At length silence and loneliness became unendurable. She called Petronelle, and ordered her to pack her boxes.
“We leave for England to-day”, she said curtly.
“For England?” gasped the worthy old soul, who was feeling very happy and comfortable in this hospitable house, and was loth to leave it. “So soon?”
“Why, yes; we had talked of it for some time. We cannot remain here always. My cousins De Crecy are there, and my aunt De Coudremont. We shall be among friends, Petronelle, if we ever get there.”
“If we ever get there!” sighed poor Petronelle; “we have but very little money, ma cherie, and no passports. Have you thought of asking M. Deroulede for them.”
“No, no,” rejoined Juliette hastily; “I’ll see to the passports somehow, Petronelle. Sir Percy Blakeney is English; he’ll tell me what to do.”
“Do you know where he lives, my jewel?”
“Yes; I heard him tell Madame Deroulede last night that he was lodging with a provincial named Brogard at the Sign of the Cruche Cassee. I’ll go seek him, Petronelle; I am sure he will help me. The English are so resourceful and practical. He’ll get us our passports, I know, and advise us as to the best way to proceed. Do you stay here and get all our things ready. I’ll not be long.”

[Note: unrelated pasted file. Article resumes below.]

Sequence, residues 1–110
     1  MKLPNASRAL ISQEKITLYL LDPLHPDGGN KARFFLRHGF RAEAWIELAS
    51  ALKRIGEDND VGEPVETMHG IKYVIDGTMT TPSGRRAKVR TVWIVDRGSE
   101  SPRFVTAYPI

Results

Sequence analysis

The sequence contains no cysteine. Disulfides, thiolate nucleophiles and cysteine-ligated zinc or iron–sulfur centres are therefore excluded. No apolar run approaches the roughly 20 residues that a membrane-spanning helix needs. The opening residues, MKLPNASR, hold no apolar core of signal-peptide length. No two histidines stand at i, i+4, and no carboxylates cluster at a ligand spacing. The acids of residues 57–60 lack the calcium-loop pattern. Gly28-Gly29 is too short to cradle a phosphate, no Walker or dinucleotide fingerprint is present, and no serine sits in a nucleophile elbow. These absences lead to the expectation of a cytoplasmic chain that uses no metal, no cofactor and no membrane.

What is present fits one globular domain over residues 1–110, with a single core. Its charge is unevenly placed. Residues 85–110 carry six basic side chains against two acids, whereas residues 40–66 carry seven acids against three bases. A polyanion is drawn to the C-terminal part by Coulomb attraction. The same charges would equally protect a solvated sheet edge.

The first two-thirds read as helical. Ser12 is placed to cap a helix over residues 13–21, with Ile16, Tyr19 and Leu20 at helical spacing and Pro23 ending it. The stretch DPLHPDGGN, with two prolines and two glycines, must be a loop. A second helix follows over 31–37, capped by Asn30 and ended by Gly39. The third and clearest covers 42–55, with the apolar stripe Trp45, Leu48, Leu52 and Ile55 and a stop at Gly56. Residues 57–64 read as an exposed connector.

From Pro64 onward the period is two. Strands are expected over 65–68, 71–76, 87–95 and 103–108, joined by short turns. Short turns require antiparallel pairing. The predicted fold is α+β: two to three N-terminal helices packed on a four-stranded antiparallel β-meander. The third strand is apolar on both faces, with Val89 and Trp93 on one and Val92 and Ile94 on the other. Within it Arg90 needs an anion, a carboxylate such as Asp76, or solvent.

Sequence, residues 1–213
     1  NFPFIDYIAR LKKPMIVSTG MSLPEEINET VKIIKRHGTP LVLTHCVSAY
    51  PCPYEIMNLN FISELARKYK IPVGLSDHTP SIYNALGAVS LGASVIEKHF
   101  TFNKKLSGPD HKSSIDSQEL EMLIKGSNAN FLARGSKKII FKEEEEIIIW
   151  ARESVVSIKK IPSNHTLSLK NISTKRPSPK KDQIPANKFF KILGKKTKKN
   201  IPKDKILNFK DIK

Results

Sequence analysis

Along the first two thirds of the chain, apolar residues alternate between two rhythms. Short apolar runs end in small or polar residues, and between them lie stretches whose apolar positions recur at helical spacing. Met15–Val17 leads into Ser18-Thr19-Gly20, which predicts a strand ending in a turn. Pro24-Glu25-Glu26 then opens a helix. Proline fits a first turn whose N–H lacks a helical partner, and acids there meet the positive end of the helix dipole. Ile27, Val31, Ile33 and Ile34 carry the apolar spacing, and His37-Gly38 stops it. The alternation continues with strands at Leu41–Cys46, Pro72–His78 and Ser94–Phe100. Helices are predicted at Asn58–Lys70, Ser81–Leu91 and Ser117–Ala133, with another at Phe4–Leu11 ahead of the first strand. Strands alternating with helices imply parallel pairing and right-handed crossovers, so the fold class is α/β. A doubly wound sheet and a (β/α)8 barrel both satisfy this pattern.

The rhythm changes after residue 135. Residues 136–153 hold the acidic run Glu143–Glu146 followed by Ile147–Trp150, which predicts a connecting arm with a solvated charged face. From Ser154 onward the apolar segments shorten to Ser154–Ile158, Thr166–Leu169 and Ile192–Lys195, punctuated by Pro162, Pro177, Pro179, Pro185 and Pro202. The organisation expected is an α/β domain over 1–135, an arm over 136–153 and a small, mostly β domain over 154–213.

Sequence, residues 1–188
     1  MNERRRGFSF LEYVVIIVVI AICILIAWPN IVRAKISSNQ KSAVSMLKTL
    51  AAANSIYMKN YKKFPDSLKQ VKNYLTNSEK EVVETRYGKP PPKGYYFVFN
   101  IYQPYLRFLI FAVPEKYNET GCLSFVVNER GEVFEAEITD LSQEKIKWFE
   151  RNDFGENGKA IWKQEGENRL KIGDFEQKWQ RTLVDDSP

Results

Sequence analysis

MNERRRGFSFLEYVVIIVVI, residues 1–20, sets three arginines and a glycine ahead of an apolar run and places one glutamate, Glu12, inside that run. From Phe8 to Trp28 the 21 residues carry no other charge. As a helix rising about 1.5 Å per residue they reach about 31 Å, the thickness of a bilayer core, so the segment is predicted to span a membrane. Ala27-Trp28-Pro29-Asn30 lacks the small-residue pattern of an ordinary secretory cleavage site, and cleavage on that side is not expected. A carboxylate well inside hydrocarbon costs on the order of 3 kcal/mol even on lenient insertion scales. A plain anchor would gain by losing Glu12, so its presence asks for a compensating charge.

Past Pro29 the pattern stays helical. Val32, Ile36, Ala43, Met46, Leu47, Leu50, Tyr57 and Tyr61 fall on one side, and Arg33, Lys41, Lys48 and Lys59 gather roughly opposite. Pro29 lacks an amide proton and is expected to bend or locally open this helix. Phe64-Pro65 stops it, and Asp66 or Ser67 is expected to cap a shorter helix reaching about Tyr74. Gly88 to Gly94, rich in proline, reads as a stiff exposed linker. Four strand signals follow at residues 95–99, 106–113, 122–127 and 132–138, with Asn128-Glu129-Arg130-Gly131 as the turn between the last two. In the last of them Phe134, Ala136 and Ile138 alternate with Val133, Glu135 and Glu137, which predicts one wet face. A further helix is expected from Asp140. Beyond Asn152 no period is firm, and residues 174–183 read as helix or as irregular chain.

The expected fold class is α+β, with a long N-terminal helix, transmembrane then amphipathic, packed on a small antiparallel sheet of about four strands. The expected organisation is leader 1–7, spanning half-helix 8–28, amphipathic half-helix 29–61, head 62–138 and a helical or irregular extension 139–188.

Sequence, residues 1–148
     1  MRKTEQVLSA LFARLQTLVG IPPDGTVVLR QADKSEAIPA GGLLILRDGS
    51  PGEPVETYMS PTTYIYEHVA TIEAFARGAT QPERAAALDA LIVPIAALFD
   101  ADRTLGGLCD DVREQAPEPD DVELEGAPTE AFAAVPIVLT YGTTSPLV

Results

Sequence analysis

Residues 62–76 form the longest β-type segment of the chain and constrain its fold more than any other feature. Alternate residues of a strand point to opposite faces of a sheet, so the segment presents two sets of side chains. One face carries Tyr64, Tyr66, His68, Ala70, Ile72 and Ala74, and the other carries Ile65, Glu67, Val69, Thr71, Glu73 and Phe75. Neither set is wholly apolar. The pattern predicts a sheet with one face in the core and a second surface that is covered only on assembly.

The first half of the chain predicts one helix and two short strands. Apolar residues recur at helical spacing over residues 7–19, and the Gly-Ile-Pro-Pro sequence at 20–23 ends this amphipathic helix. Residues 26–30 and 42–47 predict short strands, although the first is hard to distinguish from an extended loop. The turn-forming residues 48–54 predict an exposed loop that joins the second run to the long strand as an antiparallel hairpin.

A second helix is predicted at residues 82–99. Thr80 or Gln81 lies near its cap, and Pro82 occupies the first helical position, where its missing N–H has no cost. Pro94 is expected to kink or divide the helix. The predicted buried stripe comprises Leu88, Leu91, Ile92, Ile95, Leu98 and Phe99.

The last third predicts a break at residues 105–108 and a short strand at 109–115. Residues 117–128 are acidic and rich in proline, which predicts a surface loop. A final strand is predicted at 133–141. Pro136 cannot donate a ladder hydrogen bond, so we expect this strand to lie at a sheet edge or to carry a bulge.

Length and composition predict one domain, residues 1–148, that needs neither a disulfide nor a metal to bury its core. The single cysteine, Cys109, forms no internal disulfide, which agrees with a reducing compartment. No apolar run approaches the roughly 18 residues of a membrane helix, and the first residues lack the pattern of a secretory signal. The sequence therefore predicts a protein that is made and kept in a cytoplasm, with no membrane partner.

She took up a cloak and hood, and, throwing them over her arm, she slipped out of the room.
Deroulede had left the house earlier in the day. She hoped that he had not yet returned, and ran down the stairs quickly, so that she might go out unperceived.
The house was quite peaceful and still. It seemed strange to Juliette that there did not hang over it some sort of pall-like presentiment of coming evil.
From the kitchen, at some little distance from the hall, Anne Mie’s voice was heard singing an old ditty:
“De ta tige detachee
Pauvre feuille dessechee
Juliette paused a moment. An awful ache had seized her heart; her eyes unconsciously filled with tears, as they roamed round the walls of this house which had sheltered her so hospitably, these three weeks past.
And now whither was she going? Like the poor, dead leaf of the song, she was wastrel, torn from the parent bough, homeless, friendless, having turned against the one hand which, in this great time of peril, had been extended to her in kindness and in love.
Conscience was beginning to rise up against her, and that hydra-headed tyrant Remorse. She closed her eyes to shut out the hideous vision of her crime; she tried to forget this home which her treachery had desecrated.
“Je vais ou va toute
Ou va la feuille de rose
Et la feuille de laurier,”
sang Anne Mie plaintively.